The French came to Canada to colonize the region for fur trading. New France was a colony of France for 150 years, and during that time, 10,000 people, most of whom were from France, immigrated to the area. These people were fur traders, indentured servants, members of the military, farmers and women sent by the king to help populate the colony.
The first permanent French settlement was called Quebec City, and it was settled on the site of present day Quebec. In 1620, 12 years after it was first settled, the settlement was a fur trading post, and it had just 60 colonists residing in it.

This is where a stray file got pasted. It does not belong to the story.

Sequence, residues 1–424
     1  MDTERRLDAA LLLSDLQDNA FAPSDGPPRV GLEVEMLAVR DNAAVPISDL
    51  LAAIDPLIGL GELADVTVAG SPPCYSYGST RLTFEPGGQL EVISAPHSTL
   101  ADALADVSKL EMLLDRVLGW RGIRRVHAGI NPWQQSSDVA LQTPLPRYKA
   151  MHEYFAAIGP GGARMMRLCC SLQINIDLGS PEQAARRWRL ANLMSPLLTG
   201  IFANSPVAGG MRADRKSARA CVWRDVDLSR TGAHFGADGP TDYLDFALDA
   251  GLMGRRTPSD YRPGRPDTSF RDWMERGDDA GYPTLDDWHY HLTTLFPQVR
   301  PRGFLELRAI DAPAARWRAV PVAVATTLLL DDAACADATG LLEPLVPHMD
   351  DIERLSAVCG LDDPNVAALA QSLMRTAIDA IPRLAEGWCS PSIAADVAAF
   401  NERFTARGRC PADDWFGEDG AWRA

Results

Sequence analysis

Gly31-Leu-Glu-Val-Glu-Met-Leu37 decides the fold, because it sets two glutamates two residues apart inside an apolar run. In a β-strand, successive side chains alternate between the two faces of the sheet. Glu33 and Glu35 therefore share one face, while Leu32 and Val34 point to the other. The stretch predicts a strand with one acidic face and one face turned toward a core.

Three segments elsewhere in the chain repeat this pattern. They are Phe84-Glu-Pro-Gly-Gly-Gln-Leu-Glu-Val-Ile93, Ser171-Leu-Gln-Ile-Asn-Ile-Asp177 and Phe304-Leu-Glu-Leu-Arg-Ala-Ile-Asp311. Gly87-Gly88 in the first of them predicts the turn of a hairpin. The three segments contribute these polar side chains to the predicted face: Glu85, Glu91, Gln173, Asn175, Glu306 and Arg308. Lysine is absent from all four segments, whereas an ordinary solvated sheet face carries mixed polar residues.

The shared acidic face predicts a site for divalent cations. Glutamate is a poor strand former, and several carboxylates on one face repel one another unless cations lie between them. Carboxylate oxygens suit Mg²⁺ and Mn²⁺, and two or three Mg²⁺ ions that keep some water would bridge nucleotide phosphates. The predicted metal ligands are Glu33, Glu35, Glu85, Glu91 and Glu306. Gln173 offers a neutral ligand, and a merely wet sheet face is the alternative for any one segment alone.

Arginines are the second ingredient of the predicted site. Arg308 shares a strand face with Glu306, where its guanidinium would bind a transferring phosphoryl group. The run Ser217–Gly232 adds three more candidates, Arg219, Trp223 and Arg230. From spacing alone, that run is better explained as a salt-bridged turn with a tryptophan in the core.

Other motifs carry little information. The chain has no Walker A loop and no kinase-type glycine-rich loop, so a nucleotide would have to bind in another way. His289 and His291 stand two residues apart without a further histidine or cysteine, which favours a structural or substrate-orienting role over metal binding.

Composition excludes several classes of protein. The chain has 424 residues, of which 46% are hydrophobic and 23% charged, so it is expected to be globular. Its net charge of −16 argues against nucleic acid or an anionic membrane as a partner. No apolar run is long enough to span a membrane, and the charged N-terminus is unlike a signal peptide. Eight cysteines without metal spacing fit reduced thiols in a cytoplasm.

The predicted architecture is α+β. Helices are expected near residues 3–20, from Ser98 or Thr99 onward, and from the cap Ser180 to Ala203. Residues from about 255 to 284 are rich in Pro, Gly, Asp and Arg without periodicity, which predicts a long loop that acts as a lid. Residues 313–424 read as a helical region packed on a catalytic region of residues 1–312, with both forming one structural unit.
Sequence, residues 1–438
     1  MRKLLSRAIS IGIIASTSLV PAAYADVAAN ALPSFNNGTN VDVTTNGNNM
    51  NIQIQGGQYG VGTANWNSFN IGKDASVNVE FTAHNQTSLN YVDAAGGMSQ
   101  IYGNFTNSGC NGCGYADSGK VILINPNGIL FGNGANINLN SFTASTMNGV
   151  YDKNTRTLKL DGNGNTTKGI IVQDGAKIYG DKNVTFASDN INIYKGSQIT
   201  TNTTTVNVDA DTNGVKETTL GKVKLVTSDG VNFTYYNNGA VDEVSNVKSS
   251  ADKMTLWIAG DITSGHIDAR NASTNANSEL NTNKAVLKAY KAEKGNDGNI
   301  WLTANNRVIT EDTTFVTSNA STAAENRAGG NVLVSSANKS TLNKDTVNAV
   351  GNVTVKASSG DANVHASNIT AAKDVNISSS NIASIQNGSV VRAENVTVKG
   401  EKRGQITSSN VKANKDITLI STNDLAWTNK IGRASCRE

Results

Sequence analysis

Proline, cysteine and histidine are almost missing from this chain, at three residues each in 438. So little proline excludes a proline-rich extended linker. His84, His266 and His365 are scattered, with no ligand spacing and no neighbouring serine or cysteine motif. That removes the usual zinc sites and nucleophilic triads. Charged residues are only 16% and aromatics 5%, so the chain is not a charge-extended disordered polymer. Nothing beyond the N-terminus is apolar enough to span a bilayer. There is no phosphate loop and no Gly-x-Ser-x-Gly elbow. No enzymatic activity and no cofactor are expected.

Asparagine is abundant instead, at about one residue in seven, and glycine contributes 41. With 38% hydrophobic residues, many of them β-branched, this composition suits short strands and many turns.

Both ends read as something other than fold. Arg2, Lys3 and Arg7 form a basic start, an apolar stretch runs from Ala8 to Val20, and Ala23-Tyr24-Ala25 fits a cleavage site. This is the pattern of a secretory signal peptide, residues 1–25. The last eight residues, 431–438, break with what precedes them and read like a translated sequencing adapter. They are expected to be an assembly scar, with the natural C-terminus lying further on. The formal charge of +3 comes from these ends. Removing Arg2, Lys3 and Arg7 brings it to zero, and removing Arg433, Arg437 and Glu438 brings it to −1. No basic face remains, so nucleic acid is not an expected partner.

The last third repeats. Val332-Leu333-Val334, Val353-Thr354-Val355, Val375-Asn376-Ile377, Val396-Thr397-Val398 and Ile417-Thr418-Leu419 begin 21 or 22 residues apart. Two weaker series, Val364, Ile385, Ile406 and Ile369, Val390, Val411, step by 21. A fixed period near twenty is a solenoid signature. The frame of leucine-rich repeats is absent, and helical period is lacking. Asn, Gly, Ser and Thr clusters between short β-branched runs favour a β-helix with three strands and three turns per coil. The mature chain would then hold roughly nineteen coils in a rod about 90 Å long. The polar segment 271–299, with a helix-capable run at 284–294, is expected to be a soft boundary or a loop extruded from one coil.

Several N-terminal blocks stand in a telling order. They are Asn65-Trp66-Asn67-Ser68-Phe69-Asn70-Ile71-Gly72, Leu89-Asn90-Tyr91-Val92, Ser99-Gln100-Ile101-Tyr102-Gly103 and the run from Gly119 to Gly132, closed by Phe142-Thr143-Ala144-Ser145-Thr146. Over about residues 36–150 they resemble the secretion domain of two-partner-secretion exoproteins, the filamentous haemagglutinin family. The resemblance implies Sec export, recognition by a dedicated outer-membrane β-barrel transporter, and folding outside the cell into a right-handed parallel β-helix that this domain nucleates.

The success of the French in this part of the world is related to their relationship with the native people of the area. The French formed alliances with the Algonquin and Huron tribes and traded furs with them. However, there were years of wars between the French and the Iroquois later.
Currently, approximately 22 percent of Canadians are from French Canadian descent. However, nearly one million French Canadians immigrated to the United States between 1840 and 1930. The descendants of these early settlers now reside all over North America, although the largest group of them still lives near Quebec.